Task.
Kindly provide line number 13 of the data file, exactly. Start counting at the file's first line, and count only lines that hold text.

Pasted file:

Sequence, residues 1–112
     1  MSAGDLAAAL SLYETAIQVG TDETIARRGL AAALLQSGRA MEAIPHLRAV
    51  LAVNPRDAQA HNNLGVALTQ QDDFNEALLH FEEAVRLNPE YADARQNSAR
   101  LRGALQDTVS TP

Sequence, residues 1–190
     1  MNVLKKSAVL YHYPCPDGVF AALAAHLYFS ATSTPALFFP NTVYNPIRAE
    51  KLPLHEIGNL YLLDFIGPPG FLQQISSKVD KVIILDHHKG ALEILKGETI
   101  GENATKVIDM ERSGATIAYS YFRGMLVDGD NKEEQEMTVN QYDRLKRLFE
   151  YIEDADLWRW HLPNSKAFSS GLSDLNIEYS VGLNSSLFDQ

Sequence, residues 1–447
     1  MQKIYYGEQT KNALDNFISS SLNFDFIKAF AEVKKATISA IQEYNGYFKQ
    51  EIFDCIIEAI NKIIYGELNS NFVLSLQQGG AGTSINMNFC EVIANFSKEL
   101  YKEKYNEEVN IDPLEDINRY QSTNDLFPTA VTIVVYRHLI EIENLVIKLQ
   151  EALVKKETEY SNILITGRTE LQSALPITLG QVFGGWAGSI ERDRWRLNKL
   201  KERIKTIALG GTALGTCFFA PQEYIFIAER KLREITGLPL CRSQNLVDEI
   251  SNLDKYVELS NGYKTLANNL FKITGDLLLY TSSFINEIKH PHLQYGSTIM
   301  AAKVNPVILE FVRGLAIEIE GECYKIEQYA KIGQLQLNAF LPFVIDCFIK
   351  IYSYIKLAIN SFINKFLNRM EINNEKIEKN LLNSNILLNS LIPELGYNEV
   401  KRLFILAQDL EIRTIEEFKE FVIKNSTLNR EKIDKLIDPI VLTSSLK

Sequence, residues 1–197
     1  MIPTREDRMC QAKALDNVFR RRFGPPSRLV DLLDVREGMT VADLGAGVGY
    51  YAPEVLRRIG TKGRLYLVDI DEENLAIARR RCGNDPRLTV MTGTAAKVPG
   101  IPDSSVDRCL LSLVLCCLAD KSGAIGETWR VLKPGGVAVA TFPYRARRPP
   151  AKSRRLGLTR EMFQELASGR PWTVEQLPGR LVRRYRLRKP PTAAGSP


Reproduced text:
   101  YKEKYNEEVN IDPLEDINRY QSTNDLFPTA VTIVVYRHLI EIENLVIKLQ